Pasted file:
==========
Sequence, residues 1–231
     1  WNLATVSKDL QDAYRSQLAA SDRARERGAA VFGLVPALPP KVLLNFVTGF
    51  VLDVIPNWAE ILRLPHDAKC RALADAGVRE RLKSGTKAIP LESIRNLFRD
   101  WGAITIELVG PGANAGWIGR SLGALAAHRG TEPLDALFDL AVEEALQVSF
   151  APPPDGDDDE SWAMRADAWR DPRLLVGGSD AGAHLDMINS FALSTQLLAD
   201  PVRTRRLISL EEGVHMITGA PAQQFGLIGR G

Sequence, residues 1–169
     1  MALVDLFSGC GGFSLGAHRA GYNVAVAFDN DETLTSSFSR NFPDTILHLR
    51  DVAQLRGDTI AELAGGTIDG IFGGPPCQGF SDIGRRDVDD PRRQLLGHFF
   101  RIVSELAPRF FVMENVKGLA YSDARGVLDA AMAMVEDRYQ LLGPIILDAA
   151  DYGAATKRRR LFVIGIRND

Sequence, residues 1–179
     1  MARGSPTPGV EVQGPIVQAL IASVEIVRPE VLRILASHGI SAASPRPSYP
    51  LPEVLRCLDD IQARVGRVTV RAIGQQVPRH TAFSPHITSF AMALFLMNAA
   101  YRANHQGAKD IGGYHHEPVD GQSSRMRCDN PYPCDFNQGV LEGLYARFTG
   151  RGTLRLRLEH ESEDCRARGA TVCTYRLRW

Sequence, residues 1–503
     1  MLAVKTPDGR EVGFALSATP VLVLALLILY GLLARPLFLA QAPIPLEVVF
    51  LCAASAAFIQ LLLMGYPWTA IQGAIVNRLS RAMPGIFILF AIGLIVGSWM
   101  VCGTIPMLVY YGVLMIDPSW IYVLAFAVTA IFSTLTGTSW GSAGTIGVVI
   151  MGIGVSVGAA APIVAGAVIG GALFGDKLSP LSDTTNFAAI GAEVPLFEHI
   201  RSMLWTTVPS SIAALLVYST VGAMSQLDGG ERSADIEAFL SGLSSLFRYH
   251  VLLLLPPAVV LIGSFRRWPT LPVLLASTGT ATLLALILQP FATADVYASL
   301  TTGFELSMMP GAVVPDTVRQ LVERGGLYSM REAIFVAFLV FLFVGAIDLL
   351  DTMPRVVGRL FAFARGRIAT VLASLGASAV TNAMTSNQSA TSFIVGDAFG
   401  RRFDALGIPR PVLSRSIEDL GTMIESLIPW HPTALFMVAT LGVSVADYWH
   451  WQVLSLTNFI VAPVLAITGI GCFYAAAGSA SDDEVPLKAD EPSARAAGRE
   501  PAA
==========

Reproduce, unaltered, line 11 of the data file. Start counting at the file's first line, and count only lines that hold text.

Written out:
   151  DYGAATKRRR LFVIGIRND